Several weeks ago, Kati posted her garden plan and introduced us to Bokashi composting. I was so intrigued that I researched it right away, and decided to give it a try.
My History With Composting
You may notice I’ve never written about composting before. Don’t be fooled–I have tried to compost! But I keep waiting to find the method that works well before I write about it. I’ve bought two different composting bins, but have not had much success.
My yard (1/5 acre) is too big–it produces more grass than the bins can hold. And yet it is not big enough–there’s no good spot to dump everything into a big composting pile. I tried adding my food scraps, but nothing seemed to decompose very quickly, and soon I gave up.
I’ve concluded composting takes a lot of work–without attending to it regularly (adding water, turning it), the decomposition process takes a long time. I certainly can’t make enough compost to fill my garden beds every spring–so is it worth it?
A New Way To Compost
Composting uses microorganisms to decompose food and yard waste, using air and water. Technically, Bokashi is actually a method of fermenting. The microorganisms break down and pickle the food waste. To keep things simple, I’m calling it Bokashi composting, even though this is somewhat of a misnomer.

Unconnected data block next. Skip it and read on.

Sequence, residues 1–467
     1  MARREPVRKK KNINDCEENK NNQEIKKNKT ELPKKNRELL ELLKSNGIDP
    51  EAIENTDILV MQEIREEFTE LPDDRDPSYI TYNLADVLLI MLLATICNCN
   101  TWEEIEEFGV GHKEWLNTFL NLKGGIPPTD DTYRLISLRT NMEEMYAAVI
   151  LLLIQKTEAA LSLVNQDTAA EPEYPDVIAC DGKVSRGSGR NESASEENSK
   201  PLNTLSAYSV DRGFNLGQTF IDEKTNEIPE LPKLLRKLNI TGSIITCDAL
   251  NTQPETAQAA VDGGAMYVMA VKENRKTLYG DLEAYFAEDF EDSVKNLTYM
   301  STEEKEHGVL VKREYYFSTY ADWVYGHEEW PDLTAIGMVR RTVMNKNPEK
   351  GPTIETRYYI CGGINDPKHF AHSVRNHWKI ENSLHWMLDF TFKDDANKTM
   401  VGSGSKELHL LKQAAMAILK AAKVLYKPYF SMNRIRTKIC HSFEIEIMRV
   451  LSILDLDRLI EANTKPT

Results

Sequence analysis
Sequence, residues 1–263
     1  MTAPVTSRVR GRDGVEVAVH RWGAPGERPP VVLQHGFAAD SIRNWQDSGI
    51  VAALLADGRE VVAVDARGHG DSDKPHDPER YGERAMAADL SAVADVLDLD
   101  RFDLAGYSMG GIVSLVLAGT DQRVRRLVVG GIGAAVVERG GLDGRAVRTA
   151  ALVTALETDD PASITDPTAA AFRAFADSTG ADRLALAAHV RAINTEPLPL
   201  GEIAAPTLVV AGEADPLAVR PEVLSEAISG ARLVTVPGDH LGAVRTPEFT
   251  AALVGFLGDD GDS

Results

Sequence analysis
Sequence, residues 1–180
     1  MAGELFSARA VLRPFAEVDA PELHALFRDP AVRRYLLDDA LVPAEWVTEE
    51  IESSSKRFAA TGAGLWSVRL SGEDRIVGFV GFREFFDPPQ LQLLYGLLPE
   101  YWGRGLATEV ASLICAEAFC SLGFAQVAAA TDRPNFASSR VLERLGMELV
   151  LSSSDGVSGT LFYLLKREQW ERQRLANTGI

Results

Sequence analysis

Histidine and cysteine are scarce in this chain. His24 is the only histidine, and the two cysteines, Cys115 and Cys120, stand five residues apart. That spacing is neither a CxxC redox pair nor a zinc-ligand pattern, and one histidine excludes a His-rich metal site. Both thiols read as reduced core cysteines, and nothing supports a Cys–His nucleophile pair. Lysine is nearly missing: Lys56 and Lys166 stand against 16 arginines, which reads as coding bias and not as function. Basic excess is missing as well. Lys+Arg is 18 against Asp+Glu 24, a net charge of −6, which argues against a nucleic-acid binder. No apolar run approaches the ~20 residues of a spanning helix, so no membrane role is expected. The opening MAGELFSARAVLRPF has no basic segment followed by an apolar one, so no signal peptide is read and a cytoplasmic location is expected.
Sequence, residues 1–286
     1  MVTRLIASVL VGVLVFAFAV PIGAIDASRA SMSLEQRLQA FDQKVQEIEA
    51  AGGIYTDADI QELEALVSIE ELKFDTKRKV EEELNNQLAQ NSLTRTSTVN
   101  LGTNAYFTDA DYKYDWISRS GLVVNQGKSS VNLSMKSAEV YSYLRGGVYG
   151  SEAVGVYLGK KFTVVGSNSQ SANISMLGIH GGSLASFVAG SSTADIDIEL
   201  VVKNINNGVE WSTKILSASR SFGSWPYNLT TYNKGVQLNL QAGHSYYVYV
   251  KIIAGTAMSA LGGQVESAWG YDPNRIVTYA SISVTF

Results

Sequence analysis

Basically, you take all your food waste and put it in a bucket. Spread Bokashi mixture (made of wheat bran, water, molasses, and microorganisms) on top, and seal it up. Once the bucket is full, keep it sealed for 2 weeks, then bury it in the garden. After another two weeks, the food is fully decomposed and incorporated into the soil.
It is much faster than traditional composting, and has many benefits.
Reduces Food Waste
With our new eating habits, we eat so many vegetables, so I have been throwing away TONS of peels, seeds, cores, etc. In just 3 weeks I have filled a 6-gallon bucket. Technically, with Bokashi composting you can recycle ANY food, including cooked meat, cheese, eggs, leftovers, etc. I have chosen to start with just fruit and veggie scraps.
No Rotten Smells and Pests
Because the Bokashi system is sealed in an airtight bucket, there is no smell except when you open it to add more food. Even then, the smell is pickle-y, not rotten. Once it’s finished fermenting, it gets buried in the garden–so it never attracts flies, bugs, mice, or other animals.
Quick and Efficient
Under normal circumstances, food and yard waste will decompose completely in 12-18 months. Traditional composting can speed that process so it takes 3-4 months. Bokashi composting takes only 2 weeks in the bucket, and about 2 weeks in the ground.
Improves the Soil